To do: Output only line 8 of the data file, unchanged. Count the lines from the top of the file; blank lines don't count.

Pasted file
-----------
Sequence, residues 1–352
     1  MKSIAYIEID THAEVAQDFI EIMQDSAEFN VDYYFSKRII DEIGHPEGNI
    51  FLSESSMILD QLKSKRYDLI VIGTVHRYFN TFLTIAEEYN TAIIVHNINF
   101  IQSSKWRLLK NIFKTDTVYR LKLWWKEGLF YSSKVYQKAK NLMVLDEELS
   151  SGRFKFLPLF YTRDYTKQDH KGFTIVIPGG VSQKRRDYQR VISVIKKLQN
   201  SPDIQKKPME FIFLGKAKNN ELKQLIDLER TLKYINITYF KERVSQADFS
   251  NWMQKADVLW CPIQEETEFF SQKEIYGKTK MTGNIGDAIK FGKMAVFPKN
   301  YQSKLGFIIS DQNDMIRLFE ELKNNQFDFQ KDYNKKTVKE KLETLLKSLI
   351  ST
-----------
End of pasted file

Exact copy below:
   301  YQSKLGFIIS DQNDMIRLFE ELKNNQFDFQ KDYNKKTVKE KLETLLKSLI